Are you asking the right questions?

Decision-Making Challenges

As a leader, what is your decision-making style? How much of your instincts and feelings influence your decision process? It’s worth asking: Leaders who fail to resolve the balance between automatic and analytic decision-making face many challenges. 

I wrote about this in my last post. Whether you recognize it or not, you have two different modes of thought when a decision is required, and each has its place:

  1. An automatic mode, which is more reactive than responsive. It’s based on instinct and feelings when emergency situations can’t wait for much analysis. 
  2. An analytic mode, which is more deliberate and methodical. It allows for (and requires) thorough evaluation of all options and outcomes. 

In my work as a coach, I see decision-making burden many leaders because each choice rules out an alternative. Other courses of action must be abandoned, and their potential outcomes never come to fruition. This can cause hesitation or analysis-paralysis. Leaders are misled into thinking they can hold off making decisions without consequence. But making no decision is in itself a decision, with a separate set of consequences. There’s no escaping it: You always make a decision at every crossroad. 

Uncertainty is another challenge for decision-makers. Conditions are constantly changing, and information may be incomplete. Some data are misinterpreted or misunderstood. Some situations are subject to chance, and unknowns may not be recognized until after a decision is reached.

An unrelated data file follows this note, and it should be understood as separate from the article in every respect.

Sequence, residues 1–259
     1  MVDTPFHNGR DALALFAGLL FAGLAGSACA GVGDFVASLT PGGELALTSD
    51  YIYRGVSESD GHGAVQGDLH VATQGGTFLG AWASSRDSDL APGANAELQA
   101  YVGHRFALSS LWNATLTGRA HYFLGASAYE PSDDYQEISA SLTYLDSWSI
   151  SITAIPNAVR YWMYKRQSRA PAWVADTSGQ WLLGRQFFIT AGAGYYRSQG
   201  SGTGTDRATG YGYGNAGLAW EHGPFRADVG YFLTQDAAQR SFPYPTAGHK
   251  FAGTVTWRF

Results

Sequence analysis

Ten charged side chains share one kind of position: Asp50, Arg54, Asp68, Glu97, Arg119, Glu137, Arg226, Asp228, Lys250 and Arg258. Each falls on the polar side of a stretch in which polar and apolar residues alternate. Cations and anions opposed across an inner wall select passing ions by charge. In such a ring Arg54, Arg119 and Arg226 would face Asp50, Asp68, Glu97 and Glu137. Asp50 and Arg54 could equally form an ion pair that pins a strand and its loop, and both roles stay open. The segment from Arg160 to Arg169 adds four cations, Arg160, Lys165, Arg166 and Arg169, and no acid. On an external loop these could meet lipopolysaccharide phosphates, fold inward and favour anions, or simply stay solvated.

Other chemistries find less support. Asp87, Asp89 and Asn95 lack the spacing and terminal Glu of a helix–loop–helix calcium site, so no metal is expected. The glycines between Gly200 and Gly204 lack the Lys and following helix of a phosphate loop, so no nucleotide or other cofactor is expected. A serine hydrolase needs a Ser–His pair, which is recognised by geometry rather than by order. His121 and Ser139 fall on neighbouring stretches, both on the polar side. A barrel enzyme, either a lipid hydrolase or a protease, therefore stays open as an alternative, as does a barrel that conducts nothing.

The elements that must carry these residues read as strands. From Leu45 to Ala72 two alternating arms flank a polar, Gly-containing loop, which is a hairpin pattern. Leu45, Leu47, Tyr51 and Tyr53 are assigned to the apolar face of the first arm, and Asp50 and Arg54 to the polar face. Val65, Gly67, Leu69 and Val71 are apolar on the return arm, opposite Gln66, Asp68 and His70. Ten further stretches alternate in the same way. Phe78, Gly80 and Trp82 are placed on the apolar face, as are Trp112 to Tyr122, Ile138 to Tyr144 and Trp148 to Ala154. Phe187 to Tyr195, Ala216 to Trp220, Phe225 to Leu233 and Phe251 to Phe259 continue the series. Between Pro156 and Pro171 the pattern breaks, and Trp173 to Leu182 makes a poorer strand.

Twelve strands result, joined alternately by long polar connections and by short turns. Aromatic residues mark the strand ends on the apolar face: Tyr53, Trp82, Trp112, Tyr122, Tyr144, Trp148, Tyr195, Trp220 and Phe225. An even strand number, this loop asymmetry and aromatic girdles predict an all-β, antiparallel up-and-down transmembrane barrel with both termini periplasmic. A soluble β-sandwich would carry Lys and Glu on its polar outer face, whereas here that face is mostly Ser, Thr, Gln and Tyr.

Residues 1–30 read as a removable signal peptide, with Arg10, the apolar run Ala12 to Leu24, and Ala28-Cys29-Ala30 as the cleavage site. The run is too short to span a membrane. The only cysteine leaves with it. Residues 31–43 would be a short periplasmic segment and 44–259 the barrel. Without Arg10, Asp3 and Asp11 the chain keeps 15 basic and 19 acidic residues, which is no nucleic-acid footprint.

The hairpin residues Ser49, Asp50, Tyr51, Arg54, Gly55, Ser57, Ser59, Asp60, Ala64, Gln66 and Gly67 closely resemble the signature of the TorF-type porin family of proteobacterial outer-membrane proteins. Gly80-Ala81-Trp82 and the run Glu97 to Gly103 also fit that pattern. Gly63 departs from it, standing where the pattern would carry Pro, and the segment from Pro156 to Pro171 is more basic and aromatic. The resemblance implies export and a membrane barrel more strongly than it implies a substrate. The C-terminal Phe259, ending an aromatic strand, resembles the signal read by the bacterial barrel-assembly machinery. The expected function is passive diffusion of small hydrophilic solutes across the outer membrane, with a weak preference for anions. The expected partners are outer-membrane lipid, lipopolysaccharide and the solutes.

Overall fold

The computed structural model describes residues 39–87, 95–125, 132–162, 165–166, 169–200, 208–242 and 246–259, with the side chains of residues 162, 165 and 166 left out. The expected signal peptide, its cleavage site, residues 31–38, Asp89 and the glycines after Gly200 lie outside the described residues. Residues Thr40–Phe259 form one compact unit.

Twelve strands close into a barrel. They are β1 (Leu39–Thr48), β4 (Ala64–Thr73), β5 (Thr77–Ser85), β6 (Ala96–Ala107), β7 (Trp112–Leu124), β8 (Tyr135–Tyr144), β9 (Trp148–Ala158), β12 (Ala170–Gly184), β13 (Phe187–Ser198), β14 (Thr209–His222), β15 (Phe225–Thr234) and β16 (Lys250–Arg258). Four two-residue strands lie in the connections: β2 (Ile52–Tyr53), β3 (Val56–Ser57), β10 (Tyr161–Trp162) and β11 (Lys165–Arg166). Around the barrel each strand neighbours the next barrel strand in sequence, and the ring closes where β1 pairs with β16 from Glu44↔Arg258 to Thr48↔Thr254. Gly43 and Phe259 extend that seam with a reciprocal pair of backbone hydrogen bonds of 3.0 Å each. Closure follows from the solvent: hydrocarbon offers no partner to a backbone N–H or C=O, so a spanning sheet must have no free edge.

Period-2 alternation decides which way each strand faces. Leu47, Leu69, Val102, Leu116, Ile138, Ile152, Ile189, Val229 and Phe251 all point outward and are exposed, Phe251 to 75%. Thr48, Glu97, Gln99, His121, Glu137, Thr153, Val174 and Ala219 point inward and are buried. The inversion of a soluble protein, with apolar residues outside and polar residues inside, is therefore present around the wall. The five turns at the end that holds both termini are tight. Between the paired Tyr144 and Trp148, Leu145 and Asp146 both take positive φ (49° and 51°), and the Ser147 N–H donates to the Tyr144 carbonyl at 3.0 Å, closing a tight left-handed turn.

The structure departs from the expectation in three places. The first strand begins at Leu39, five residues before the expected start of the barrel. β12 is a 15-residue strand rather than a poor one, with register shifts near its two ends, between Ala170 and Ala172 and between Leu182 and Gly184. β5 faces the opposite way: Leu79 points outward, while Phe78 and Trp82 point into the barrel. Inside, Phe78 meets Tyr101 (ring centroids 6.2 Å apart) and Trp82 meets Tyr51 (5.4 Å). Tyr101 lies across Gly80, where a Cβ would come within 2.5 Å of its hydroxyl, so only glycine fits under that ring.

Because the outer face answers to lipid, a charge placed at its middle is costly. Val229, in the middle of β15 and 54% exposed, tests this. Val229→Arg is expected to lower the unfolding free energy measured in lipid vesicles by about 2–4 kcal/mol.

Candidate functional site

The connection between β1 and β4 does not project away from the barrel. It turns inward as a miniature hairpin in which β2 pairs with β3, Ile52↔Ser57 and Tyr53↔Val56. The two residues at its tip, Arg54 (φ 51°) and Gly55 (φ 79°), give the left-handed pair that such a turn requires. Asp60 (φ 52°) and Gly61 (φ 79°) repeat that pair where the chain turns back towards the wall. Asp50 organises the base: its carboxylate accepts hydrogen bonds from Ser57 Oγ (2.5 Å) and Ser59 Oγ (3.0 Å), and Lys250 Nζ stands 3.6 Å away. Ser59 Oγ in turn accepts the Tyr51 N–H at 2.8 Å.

Uncertainty can grow stronger when a leader experiences a series of unfortunate decision-related results, compounded by not altering their poor approach to making them. Like a bad habit that doesn’t get addressed and grows worse from repetition, the discomfort of uncertainty takes over, and reversing it gets more difficult the longer it is allowed to go unchecked.

Asking your peer coaching forum for advice can help rid the feeling of uncertainty. By hearing how other leaders have handled similar problems, you gain immediate action applications and gain clarity as you return to face your own situations. 

Experienced leaders know that even a wisely crafted decision, one made with full analysis and care, can go south. There are no guarantees. Yet, decisions must still be made, and leaders must be held accountable. It comes with the territory.

What do you think? What other challenges have you seen, or experienced, with decision-making? I’d love to hear from you. You can reach me here, on Twitter, and on LinkedIn.

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